“The most efficient solar cell ever made” – that’s the bold achievement University of Toronto researchers are claiming. They say they pulled it off by figuring out a way to squeeze colloidal quantum dots closer together.

Quantum dots – the nanoscale semiconductors that capture light and convert it into an energy source – are usually capped with organic molecules that add a nanometer or two. The Toronto researchers said they overcame this issue by using inorganic ligands that bind the quantum dots together while using less space. The result is colloid characteristics – the ability to paint the quantum dots on to other surfaces – without the bulky organic molecules.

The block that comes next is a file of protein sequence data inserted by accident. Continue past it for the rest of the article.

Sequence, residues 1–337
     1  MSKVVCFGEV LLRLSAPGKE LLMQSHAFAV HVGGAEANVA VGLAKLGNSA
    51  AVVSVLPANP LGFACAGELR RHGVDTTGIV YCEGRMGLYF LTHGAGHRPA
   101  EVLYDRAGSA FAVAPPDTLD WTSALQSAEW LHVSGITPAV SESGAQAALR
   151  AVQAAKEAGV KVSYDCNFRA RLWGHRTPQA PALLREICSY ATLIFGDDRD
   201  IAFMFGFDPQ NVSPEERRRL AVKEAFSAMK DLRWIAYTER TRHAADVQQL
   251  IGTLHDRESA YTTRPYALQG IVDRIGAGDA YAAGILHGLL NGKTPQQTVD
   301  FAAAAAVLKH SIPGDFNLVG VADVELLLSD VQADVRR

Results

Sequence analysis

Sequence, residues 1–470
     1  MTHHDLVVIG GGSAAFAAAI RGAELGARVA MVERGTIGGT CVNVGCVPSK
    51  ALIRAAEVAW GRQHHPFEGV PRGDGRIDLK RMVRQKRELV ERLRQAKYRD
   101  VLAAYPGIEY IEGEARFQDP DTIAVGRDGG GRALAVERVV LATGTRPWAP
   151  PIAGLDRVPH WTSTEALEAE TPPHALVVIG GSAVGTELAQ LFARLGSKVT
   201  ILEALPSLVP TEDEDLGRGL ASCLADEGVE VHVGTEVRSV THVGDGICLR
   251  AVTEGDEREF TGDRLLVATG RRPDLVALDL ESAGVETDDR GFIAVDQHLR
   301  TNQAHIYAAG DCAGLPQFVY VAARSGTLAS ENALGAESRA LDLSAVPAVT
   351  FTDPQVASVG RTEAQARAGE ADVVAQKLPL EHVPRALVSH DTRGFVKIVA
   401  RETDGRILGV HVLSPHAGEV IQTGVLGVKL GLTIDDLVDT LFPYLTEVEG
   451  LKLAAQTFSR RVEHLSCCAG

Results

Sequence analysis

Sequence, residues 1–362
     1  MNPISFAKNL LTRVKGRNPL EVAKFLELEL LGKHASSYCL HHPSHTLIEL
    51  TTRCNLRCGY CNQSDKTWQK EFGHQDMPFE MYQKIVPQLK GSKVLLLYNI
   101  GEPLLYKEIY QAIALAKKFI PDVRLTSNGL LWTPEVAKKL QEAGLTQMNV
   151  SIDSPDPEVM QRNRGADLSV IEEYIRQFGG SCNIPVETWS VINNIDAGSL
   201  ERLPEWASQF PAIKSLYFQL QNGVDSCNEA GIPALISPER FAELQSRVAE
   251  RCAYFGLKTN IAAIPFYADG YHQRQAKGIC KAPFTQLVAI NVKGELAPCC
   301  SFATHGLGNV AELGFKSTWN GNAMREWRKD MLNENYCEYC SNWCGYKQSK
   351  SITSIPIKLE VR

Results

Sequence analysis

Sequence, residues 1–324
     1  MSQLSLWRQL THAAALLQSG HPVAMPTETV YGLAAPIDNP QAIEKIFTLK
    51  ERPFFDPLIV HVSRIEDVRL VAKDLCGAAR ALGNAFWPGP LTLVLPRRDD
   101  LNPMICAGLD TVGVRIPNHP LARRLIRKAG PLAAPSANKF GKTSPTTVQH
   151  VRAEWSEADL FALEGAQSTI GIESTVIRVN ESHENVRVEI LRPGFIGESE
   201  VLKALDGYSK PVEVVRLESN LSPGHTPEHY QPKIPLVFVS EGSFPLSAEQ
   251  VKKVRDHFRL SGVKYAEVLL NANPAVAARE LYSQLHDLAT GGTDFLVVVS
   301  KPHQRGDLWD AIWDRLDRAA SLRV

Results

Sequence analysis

colloidal quantum dots solar, University of Toronto
image via University of Toronto

“We wrapped a single layer of atoms around each particle. As a result, they packed the quantum dots into a very dense solid,” said Jiang Tang, the first author of the paper who conducted the research while a post-doctoral at Toronto.

The team said this breakthrough in collodial quantum dot (CQD) photovoltaics “showed the highest electrical currents, and the highest overall power conversion efficiency, ever seen in CQD solar cells.” Performance results were certified by an external laboratory, Newport, that is accredited by the U.S. National Renewable Energy Laboratory, the researchers said.

The team’s study was published in the journal Nature Materials and can be accessed here. Two of the parties involved in the research – the University of Toronto and King Abdullah University of Science and Technology – have reached an agreement to pursue commercialization of the technology, they said.


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